"Divorce and Financial Survival"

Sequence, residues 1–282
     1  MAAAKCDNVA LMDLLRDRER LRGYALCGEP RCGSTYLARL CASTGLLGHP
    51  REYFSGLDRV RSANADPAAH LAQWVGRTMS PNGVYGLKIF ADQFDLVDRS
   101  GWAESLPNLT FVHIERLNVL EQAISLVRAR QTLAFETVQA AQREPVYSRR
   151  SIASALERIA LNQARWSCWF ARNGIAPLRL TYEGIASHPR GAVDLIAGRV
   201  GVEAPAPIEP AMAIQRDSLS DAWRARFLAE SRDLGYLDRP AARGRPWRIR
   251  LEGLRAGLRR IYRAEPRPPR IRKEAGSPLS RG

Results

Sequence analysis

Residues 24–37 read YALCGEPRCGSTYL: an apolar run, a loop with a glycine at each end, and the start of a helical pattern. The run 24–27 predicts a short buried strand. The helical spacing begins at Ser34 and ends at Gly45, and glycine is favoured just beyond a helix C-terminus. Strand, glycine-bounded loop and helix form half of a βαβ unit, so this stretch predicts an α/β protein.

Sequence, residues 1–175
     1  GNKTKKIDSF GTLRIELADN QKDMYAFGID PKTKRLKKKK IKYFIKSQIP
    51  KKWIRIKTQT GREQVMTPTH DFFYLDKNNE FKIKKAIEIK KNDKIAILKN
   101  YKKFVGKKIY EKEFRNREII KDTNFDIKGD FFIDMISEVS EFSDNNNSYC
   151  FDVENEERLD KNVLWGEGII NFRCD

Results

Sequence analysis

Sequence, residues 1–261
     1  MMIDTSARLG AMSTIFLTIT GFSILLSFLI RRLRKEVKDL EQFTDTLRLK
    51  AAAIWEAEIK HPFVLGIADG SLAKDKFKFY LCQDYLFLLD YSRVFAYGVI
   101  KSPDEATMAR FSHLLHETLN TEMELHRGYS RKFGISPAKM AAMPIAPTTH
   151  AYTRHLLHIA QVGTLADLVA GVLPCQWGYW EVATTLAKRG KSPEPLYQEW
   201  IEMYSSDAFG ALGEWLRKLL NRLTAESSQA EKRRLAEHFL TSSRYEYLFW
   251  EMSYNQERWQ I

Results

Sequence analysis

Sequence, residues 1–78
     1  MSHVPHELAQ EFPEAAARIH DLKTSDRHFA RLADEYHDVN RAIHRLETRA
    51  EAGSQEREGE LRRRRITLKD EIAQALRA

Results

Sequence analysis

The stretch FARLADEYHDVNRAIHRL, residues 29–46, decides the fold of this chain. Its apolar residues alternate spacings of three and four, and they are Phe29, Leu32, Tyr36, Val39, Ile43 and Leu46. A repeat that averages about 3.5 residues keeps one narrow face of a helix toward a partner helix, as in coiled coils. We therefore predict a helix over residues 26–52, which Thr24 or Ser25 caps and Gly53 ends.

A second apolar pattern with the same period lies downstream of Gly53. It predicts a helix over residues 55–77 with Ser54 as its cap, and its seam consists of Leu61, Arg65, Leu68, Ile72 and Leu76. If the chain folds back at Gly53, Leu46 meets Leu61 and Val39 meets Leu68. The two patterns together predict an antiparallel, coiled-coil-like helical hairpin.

DIVORCE AND Financial Survival Divorce and Financial Survival No one gets married with the expectation of getting divorced someday. Regrettably, though, divorce rates are expected to continue climbing. Divorce affects all areas of your life, including your financial health, and can result in significant challenges. If you're struggling through a divorce, there are several things you can do to minimize the negative effects on your finances. Consider these options to help you financially survive a divorce: 1. Come to an agreement on how to divide your assets. A particularly difficult thing in any divorce is the decision of who gets what. You and your spouse both may have an economic and emotional investment in almost everything, from the house to the art collection you acquired together. It really is beneficial to avoid having the lawyers get involved in the process. Once the legal system is formally involved, the process is much more expensive and financially and emotionally draining. 2. Try mediation. Mediation can be a money-saving alternative to the courts. This way, everything is a process of give and take, agreed upon under the guidance of an unbiased 3rd party. You can opt for methods of dividing your assets that are financially best for both of you. For example, with investments, it's usually better to divide them and sign them over instead of selling them and dividing the money; this because selling them can generate considerable fees and taxes. If you go to court, the courts may order the sale of the portfolio, making you liable for the fees and taxes. 1 After the SettlementCoping after the divorce is never easy. The unhappy fact is that, once the divorce is settled, you will most likely be less well-off financially than you were before the divorce. To strengthen your financial picture in the aftermath, try these strategies: 1. Review your financial documents. Assess what remains and be sure that every little thing is truly concluded. Be certain you: Cancel any joint bank accounts. Cancel any joint credit cards. Make whatever changes you need to your life insurance and any other policies. 2. Take action to live within your means. If you were the main breadwinner in the relationship, you may have to make monthly alimony or child support payments. And if you didn't have the greater salary, you will still have less total income than you did previously. Rather than slide further into debt, downsize your lifestyle, at least temporarily until you feel financially comfortable again. This may mean a smaller home / apartment or less expensive vacations. It may mean a much more significant change, depending on your ability to earn income now. 3. Establish your necessary income. Do what it takes to get back on your feet. Network with your family and friends to let them know you're looking for a job or an opportunity to make extra income. Network on social websites as well. 4. Make a plan. You'll need to plan your saving, investments, and budget. If you were not the primary earner, you will have two challenges: replacing the lost wages and rebuilding your credit. The good credit you had as a couple may not be as good after the divorce. One of the only advantages of a divorce is the ability to drastically change your 2 lifestyle and spending habits. This is easier after divorce because it doesn't require agreement from both parties. Take some time to educate yourself further on personal finance to help get your finances back in shape. Start today by applying these tips and you'll bounce back sooner than you thought. 3 Powered by TCPDF (www.tcpdf.org) Curtis Rose is an experienced professional with extensive experience in all aspects of personal finance. Curtis writes and publishes articles, courses, guides and special reports on his personal finance blog. Sign up for his monthly personal finance newsletter and receives tons of free information that you can use to help you reach financial freedom. http://www.PersonalFinanceDashboard.com